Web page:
Trouble in river city
SAN ANTONIO -- Dynasties don’t die that easily.
The San Antonio Spurs didn’t like what they saw in their near future, so they dipped into the past with an effort that made the Lakers hem and haw at every juncture.
It was the type of game that has brought the Spurs four championship parades since 1999, an aggressive mix that led to a 103-84 victory Sunday in Game 3 of the Western Conference finals.
The Lakers shot 42.7% and found little space to operate, making the sweltering heat outside seem less confining than what greeted them inside AT&T; Center.
The Lakers still lead the best-of-seven series, 2-1, though Game 4 is also at AT&T; Center, on Tuesday.
Afterward, long after all the missed shots had been tabulated and the Lakers’ locker room had cleared out, Coach Phil Jackson and assistant Kurt Rambis stood in front of the whiteboard, drawing plays and diagraming schemes next to a pile of towels and discarded plastic hangers.
Far from panic-stricken, the Lakers expected the Spurs’ best shot. They just didn’t expect it to go practically unanswered.
Not exactly the way to capitalize on their 101-71 thrashing of the Spurs 48 hours earlier in Game 2.
“I think it was summed up by [consultant] Tex Winter’s wife, who said simply, ‘That wasn’t very much fun, was it?’ ” Jackson said.
Making matters even less enjoyable for the visitors, Manu Ginobili suddenly reappeared, scoring 30 points after hitting only five of 21 shots in the first two games of the series.
Kobe Bryant was the only functional part of the Lakers’ offense, scoring 30 points on 13-for-23 shooting, although he had only one assist. Everything else was a series of blotches on the Lakers’ landscape.
Lamar Odom made two of 11 shots and had seven points. Pau Gasol was seven for 18 and scored 15 points. Derek Fisher had two points. As a whole, the Lakers made eight of 17 free throws (47.1%).
“We feel like they did some things defensively that bothered our rhythm somewhat,” Bryant said.
The Spurs weren’t bothered at all.
They employed more motion in their offense instead of the traditional pick-and-roll schemes with Tony Parker and Tim Duncan. There were fewer post-ups for Duncan, more shots from the perimeter by Ginobili.
All the added movement worked to perfection.
Ginobili made five of seven three-point attempts and converted all seven of his free throws. He had 22 points as the Spurs built a 49-39 halftime lead.
“We didn’t do some of the things we need to do to slow some of those things down . . . keeping bodies on guys and denying some of the swing passes,” Fisher said.
“We have to improve a great deal before Tuesday night in order to slow some of that offensive rhythm down.”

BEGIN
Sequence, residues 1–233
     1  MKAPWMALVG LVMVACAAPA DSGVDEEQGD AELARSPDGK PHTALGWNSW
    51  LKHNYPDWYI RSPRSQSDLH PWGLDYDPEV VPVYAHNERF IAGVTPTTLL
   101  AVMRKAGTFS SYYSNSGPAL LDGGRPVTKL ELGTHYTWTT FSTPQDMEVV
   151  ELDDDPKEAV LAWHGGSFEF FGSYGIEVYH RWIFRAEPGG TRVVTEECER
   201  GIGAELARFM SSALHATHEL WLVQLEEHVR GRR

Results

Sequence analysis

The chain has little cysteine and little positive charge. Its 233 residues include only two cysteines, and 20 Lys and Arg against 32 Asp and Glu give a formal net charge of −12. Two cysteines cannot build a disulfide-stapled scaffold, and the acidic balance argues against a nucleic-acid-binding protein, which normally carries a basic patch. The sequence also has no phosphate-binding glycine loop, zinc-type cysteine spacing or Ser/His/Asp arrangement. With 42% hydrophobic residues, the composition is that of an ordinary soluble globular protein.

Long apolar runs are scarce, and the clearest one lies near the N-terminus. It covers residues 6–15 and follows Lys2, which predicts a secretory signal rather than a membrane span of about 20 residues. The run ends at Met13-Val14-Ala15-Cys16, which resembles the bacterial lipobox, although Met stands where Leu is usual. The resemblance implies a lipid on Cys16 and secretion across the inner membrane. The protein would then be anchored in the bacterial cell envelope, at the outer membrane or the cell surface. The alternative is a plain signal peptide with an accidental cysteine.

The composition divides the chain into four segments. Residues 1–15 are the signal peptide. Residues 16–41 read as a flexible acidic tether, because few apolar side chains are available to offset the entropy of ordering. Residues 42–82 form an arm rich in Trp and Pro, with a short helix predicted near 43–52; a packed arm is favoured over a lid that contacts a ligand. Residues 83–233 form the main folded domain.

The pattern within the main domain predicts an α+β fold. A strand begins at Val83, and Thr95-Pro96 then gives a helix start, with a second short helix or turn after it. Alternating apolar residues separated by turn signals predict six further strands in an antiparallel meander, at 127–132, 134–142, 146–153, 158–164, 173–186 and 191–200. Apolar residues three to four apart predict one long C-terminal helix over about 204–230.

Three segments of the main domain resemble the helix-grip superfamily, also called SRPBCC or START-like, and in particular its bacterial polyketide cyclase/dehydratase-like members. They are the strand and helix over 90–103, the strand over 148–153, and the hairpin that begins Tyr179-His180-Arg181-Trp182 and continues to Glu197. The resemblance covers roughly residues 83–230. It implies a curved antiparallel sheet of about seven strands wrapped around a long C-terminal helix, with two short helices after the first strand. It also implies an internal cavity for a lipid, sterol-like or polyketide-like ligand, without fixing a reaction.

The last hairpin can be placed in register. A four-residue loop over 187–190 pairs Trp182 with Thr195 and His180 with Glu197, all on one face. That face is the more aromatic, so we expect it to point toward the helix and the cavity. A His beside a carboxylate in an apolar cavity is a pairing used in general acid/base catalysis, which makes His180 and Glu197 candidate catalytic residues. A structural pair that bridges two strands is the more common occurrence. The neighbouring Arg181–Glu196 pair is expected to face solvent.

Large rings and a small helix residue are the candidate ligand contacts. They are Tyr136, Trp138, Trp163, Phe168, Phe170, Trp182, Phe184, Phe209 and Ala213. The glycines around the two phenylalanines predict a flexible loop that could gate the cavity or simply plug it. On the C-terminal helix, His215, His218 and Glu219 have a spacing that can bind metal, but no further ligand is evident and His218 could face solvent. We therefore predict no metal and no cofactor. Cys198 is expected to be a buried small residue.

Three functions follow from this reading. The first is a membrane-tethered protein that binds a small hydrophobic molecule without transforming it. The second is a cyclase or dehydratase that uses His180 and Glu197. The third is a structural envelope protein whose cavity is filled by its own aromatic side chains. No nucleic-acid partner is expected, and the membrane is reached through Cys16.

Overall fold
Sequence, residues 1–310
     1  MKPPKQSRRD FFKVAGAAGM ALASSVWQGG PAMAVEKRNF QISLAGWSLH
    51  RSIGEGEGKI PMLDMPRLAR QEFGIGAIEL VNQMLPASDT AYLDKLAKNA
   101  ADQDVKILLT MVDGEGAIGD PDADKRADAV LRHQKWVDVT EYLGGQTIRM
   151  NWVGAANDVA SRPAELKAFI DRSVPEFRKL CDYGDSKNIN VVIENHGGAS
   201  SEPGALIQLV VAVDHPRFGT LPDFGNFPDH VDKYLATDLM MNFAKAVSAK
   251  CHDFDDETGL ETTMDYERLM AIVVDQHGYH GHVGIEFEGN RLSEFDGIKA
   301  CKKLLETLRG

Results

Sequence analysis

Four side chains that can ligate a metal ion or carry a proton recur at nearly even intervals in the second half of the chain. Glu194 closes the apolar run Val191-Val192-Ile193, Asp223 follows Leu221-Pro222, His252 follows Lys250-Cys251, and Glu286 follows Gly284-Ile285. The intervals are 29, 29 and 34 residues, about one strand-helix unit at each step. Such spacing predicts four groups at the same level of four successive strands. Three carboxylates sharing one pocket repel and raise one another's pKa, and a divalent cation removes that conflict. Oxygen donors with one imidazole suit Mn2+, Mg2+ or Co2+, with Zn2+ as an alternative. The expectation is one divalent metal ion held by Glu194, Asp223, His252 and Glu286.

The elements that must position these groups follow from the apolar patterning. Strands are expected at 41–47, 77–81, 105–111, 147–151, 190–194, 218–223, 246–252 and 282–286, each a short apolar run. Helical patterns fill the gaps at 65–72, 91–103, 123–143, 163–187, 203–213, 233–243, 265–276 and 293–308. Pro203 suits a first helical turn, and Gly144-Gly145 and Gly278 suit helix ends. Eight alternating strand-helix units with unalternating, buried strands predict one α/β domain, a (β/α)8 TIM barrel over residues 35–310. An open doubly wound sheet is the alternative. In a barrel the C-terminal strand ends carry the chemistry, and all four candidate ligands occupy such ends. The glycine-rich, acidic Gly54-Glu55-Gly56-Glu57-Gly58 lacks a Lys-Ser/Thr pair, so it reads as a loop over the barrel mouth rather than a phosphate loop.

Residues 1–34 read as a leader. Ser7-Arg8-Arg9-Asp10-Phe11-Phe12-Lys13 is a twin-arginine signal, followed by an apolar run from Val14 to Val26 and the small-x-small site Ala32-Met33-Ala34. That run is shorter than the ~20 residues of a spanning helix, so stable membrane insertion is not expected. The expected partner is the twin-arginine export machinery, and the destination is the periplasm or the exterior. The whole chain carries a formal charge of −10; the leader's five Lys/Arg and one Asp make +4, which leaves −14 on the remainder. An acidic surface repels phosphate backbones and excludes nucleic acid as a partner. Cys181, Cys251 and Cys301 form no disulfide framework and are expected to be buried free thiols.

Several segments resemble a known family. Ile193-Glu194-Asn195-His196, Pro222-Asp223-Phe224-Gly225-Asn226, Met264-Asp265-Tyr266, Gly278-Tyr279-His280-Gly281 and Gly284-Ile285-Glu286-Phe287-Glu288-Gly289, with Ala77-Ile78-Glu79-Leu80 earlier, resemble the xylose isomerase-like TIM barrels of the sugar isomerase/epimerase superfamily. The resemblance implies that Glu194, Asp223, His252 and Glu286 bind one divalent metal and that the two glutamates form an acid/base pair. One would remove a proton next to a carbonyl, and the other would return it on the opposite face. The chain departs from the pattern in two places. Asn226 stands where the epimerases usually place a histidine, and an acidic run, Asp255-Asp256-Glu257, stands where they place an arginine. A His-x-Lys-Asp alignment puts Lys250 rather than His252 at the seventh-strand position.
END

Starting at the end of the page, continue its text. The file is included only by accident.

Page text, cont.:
As Jackson said, Ginobili came into the game with a “spur in his hind end.”
Mix in the point totals of Duncan (22) and Parker (20), plus Duncan’s 21 rebounds, and the Spurs’ big three easily outplayed that of the Lakers.
There were plenty of other issues the Lakers would like to purge.
Bryant took one free throw in the game, and missed it. After collecting an admirable seven blocked shots in Game 2, the Lakers had none Sunday. They had only 13 assists, to go with 14 turnovers.
Odom and Gasol were particularly ineffective, missing several shots -- simple, difficult, didn’t matter.
“The shots they normally make didn’t fall for them tonight,” Bryant said. “I don’t think it is something they should get too discouraged about.”
Odom, however, was plenty dejected.
“There’s no way I can play like that for us to be successful,” he said. “I’ll take the blame on that. I know I can play better than that.”
The Lakers will practice today and try to move forward to Game 4, in a place where they are 2-6 since Fisher’s renowned “0.4" shot in the 2004 playoffs.
The Spurs are back, at least for a day, the experience of a champion steadily overwhelming the up-and-coming Lakers.
Will it happen again in Game 4?
“I think we grew up a lot [Sunday night],” Bryant said. “We have to understand the sense of urgency and type of energy that we have to play with and come back on Tuesday ready to do that.”
(BEGIN TEXT OF INFOBOX)
Manu Ginobili’s points in Game 3. He had 17 in the first two games combined.
Number of points scored by Lamar Odom and Derek Fisher combined.
Points the Lakers scored in the second quarter. They were outscored, 28-15.
Number of rebounds for San Antonio’s Tim Duncan. Pau Gasol had five.
Three-point shots made by the Spurs (10 for 18). Ginobili was five for seven.
Free throws missed of the 17 taken by the Lakers in the game. Spurs made 17 of 23.